The decision of President Trump to pull out of the Iran nuclear deal has elicited mixed reactions from world leaders as they ponder the consequences of this action. European leaders have been working on convincing the U.S to maintain the partnership but failed. This move may cost the UK big as it further jeopardises the trans-Atlantic relations that have been affected by Trump’s protectionism stance since he took office. The French finance minister, Bruno Le Maire, said that European nations needed to avoid playing ‘vassal’ to the U.S and take a harder position on the U.S decision. European countries are insisting on keeping the Iran nuclear deal intact and finding ways to work through America’s absence.
Threat to Trade
The billions of dollars worth of trade that are stake are causing serious concerns across Europe. When the U.S pulled out of the deal, it put back in place the sanctions that were lifted in 2015. These put the Iran-EU trade at risk that is valued at $25bn. Not only are American companies prohibited from conducting business with Iran but foreign corporations will be forced to cease dealings with the country or stop using American banks. France is currently pushing to get exemptions for its companies but Le Maire ‘has no illusions’. Other European countries are trying the same.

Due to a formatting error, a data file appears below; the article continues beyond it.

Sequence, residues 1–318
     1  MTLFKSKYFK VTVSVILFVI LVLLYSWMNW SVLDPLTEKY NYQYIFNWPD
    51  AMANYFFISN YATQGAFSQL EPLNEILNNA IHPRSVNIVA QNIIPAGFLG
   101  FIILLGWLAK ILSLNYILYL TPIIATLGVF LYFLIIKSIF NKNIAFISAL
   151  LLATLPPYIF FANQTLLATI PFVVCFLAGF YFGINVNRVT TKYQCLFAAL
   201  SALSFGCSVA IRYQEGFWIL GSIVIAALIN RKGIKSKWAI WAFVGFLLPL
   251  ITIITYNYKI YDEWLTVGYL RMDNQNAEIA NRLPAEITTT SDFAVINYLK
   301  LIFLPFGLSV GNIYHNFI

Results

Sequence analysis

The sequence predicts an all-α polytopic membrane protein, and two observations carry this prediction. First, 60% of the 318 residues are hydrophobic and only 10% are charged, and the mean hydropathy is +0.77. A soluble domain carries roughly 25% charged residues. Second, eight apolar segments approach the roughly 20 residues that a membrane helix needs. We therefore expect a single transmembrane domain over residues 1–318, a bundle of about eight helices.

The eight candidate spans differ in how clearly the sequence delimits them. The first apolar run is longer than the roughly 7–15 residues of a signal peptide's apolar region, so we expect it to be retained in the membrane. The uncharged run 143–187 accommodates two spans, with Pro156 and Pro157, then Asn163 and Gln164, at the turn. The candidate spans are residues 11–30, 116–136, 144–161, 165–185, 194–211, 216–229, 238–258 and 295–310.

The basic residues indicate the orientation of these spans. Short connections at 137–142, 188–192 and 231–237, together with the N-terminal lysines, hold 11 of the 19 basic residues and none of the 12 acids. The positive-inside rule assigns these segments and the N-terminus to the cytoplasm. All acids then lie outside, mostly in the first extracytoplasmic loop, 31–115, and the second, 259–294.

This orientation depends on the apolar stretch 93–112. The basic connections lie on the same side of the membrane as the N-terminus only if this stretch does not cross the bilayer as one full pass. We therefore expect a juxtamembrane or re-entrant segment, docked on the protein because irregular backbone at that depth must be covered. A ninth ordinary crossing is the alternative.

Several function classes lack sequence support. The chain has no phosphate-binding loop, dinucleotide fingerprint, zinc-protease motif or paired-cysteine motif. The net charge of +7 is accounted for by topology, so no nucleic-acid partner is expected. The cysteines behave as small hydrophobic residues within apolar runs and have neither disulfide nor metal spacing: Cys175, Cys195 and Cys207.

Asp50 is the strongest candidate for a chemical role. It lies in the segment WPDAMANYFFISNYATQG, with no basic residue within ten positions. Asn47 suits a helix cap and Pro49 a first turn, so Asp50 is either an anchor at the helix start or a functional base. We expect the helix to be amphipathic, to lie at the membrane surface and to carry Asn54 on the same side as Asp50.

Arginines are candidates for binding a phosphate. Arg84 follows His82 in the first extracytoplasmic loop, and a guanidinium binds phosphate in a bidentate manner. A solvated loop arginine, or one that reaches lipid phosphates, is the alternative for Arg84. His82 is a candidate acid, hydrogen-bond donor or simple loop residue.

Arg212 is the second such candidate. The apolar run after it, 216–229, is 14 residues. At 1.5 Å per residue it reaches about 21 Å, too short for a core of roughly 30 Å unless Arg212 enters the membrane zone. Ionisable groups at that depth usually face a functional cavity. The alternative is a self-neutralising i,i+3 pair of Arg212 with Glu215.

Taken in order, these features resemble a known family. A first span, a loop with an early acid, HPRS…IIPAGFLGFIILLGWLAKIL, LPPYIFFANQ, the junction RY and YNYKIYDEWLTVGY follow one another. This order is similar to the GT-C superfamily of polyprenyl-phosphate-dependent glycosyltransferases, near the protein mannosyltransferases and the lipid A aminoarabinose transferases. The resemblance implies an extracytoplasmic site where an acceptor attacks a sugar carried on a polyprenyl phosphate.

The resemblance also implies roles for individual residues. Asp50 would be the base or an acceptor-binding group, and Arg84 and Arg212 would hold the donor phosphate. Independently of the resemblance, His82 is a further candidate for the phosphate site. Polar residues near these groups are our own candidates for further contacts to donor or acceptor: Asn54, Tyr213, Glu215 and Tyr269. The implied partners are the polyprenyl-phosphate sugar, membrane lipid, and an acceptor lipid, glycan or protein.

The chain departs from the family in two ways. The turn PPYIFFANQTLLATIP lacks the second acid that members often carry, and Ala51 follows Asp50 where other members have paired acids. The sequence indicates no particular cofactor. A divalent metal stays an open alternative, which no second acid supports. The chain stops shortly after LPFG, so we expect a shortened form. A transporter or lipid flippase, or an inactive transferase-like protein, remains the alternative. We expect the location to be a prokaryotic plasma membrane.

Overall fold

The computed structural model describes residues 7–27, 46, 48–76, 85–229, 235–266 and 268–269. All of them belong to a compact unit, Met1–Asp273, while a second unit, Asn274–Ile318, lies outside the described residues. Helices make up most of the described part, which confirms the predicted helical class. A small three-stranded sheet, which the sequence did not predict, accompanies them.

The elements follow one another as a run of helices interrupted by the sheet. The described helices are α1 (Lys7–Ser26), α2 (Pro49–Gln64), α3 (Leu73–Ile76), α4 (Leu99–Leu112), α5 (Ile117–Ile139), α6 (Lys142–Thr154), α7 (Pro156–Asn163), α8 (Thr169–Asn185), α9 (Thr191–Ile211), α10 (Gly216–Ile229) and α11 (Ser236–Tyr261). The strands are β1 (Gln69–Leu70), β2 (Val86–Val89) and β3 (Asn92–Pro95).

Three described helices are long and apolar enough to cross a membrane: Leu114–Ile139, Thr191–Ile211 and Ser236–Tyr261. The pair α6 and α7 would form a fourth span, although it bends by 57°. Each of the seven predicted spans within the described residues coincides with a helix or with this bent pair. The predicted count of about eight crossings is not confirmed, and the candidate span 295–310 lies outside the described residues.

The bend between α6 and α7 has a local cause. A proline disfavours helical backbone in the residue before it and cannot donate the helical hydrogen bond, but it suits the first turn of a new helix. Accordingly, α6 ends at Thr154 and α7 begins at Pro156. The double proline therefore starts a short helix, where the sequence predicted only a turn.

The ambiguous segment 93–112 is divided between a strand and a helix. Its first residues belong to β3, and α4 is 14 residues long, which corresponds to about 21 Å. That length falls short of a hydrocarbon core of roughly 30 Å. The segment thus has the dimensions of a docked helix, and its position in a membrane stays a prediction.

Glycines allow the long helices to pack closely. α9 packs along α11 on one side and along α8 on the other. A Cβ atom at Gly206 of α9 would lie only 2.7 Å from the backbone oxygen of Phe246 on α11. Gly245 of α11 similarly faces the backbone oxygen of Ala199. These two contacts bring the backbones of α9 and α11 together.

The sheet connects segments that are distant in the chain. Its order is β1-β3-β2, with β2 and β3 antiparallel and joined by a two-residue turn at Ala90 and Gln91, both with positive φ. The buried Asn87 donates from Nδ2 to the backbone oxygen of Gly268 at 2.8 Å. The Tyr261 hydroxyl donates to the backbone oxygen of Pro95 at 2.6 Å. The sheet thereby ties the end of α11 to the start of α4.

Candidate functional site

A Tough Job
European countries have a chance to preserve the Iran nuclear deal albeit a slim one. Besides trade, the pulling out of the U.S puts a strain on security because the move appears as a veiled declaration of war. Israel is an avid supporter of the Trump administration, but it may end up losing as well if the Middle East destabilises. With the fighting already going on between Israel and Iran in Syria, the slightest provocation can cause a full blown out war.
Oil prices are already up, and tensions are rising as Iranians protest the U.S pull out of the nuclear deal. European countries have significant work to do to minimise the domino effects of the move.